Through the punk explosion of the'90s to its more recent revival, Rancid has always stood out among the rest. They've endured both critical and mainstream success and have solidified their spot as being one of the best and brightest punk bands of this generation. After 15 strong years together, the east bay punks still manage to retain the same energy as they did when they began and continue to push the envelope with their sound.

Having been on hiatus for nearly three years now – their last album Indestructible was released in 2003 – the members of Rancid have been busy with notable side projects of their own –Tim Armstrong played alongside Travis Barker in the rock-rap group the Transplants, Lars Frederiksen fronted his own solo project the Bastards and Matt Freeman stepped in with Social Distortion.

Finally together again, with an 11-date sold-out run in Los Angeles – Rancid proves to be at the top of its game – fast, furious and apparently re-energized. True to Rancid fashion, the shows are as jam-packed as its albums. With more than 150 songs to its roster, the band played nearly 30 songs in 75-minutes.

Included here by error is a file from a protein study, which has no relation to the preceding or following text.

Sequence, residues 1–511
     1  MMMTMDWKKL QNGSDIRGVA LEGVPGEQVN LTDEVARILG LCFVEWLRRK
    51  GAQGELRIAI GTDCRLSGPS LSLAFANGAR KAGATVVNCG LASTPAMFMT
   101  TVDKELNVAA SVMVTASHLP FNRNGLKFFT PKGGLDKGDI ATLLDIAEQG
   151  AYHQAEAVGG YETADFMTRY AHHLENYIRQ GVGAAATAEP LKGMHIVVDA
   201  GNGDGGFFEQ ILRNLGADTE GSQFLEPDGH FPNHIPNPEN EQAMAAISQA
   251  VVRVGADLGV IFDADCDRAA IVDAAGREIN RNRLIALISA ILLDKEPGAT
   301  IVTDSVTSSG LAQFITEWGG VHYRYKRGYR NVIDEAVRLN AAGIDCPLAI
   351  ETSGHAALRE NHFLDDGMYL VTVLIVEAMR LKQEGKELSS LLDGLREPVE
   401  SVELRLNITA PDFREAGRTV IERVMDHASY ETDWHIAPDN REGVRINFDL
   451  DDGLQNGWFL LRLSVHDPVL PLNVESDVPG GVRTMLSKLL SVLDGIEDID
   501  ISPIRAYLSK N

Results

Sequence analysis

From mainstream staples “Time Bomb” and “Ruby Soho” to Operation Ivy's (the shortly lived Armstrong and Matt Freeman's ska-punk band) “Sound System,” Rancid's set list covered an eclectic mix of tunes, spawning all six albums. Though Armstrong and his gravely voice often take center stage, Frederiksen and Freeman equally had their time to shine. An encore, featuring acoustic versions of “Fall Back Down” and Billy Bragg's “To Have and Have Not” showed a softer, more vulnerable side to the band. Armstrong and Co. share an unmatched chemistry on stage that's been sorely missed, and though a new album is said to be slated for release sometime next year, Rancid fans will just have to wait on pins and needles to hear anything new from the band